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TexAmericas Center is busier than ever while emerging from the shutdown. It is moving forward quickly on two fronts: Making its resources useful for business clients and gathering clients who want to move in and set up shop.

"When we did shut for COVID-19, we were concerned about prospects," said Scott Norton, executive director and CEO. "We had been making lots of progress up to that point and we were worried about a slowdown. As it turns out, the opposite happened."

TexAmericas — established more than 20 years ago to re-purpose former military land into a private industrial park — closely tracks activity and prospects on its footprint and the data they now have show they are in a good position moving forward.

"Our prospect activity numbers, in fact, are higher than before the COVID shutdown," Norton said.

Before the shutdown took place in March, TexAmericas Center officials had attracted so much business to the campuses they manage, that finding available space was becoming a challenge.

"Up to this point, we've been settling our clients into building space that was formerly occupied by Red River (Army Depot)," Norton said. "We refurbished the buildings as needed, improved the infrastructure. But we've reached the point that our most readily available space is almost completely occupied. So now we've not only been looking at the buildings that need more work, we've begun the process of building new space."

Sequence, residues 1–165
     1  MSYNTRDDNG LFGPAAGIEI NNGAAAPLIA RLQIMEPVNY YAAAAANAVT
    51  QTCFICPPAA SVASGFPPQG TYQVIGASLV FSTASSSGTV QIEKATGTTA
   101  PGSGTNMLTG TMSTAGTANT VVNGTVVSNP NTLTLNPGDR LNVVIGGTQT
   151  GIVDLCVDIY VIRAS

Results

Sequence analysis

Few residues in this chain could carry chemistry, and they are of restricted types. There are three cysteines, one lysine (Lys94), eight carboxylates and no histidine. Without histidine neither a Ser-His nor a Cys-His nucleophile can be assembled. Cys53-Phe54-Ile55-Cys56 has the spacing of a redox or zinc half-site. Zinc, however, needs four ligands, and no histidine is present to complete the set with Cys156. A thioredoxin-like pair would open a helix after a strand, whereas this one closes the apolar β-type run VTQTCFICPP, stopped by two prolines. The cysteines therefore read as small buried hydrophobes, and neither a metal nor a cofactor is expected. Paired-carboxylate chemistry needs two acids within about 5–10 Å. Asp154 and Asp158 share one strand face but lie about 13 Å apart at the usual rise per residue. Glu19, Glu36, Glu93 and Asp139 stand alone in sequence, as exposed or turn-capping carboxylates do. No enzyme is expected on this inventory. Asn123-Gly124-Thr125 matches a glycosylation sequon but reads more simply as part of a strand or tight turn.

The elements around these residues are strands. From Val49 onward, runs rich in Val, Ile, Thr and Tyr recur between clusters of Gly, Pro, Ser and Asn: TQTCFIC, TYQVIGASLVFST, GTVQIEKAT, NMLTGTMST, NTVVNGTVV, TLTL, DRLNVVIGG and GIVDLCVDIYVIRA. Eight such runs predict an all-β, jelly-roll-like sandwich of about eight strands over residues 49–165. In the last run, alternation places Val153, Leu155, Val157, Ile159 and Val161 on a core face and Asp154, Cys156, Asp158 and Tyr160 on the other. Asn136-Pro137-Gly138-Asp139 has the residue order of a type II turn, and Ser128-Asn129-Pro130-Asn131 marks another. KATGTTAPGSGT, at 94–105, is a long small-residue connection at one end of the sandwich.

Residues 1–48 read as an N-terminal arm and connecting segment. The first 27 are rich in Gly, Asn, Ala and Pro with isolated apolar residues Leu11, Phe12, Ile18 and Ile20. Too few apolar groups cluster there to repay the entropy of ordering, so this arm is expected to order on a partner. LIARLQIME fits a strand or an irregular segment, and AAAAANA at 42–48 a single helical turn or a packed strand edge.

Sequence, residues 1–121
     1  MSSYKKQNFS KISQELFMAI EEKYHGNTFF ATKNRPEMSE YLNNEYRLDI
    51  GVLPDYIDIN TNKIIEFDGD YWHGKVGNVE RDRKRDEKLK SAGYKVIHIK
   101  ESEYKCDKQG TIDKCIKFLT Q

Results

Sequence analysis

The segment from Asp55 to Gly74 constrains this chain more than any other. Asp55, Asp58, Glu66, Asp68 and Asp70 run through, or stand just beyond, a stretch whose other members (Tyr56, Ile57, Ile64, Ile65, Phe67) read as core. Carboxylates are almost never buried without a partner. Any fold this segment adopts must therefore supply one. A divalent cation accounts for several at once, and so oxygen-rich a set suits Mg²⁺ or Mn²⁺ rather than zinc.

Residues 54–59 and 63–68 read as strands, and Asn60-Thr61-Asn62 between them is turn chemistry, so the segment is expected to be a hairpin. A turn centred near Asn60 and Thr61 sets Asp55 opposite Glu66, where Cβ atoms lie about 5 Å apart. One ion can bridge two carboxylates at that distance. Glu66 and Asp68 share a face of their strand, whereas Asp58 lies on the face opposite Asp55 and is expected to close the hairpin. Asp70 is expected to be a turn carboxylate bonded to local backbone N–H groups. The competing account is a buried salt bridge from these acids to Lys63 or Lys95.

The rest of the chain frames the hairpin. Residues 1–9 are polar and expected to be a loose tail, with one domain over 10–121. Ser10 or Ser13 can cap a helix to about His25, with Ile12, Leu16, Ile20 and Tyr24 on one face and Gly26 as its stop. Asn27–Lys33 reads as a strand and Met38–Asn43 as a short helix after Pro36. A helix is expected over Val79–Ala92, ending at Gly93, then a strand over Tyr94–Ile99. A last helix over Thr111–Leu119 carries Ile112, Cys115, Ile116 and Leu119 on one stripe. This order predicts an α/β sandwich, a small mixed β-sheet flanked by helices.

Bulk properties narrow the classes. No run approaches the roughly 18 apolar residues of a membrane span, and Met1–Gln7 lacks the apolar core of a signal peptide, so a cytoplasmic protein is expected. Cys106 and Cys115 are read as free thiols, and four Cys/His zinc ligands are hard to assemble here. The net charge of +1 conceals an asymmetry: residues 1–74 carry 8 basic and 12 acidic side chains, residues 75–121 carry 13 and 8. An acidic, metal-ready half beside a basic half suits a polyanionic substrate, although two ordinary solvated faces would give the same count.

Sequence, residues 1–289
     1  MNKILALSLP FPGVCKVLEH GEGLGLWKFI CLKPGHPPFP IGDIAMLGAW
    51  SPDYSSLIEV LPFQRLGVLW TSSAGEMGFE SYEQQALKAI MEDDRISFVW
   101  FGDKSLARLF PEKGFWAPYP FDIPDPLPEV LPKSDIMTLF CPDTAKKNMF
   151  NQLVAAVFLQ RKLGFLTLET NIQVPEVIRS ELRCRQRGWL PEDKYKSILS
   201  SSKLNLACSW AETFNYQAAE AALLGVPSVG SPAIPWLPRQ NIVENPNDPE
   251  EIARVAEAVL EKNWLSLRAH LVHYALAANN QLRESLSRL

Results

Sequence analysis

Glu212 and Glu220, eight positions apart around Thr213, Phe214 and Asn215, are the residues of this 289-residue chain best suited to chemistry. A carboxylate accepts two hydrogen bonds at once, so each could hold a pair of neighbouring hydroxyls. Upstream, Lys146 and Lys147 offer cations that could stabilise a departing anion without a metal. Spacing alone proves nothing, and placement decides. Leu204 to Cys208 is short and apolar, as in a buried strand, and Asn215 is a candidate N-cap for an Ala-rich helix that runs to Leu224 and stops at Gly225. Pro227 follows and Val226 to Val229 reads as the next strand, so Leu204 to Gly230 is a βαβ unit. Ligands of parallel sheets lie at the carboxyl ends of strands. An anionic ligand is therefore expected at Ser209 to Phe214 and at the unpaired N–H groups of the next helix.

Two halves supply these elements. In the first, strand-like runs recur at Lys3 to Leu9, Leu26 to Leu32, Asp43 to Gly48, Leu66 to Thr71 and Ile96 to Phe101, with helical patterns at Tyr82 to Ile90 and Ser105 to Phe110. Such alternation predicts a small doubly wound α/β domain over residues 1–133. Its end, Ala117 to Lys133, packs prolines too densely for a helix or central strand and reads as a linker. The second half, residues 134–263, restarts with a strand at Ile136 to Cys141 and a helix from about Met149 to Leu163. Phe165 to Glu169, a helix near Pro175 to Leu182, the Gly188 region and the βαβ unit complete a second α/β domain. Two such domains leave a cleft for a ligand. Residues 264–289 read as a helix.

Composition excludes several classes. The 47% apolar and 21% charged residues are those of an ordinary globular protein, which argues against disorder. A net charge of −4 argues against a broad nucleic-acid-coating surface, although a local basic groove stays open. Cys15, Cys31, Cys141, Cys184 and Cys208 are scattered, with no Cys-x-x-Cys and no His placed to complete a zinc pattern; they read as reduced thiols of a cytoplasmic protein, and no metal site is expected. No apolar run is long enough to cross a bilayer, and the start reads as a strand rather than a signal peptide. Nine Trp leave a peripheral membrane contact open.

During the shutdown, TexAmericas officials not only continued to work on asset improvement, they began design work on new spaces for more clients.

"We continued the work on building this 'spec space,' preparing this project for eventual completion by summer of 2021," Norton said. "Also, during the shutdown, we continued the work of infrastructure building and working on more of our already available space."

Norton uses "vigorous" to describe TexAmericas' marketing campaign. And potential occupants, he says, "have been paying attention."

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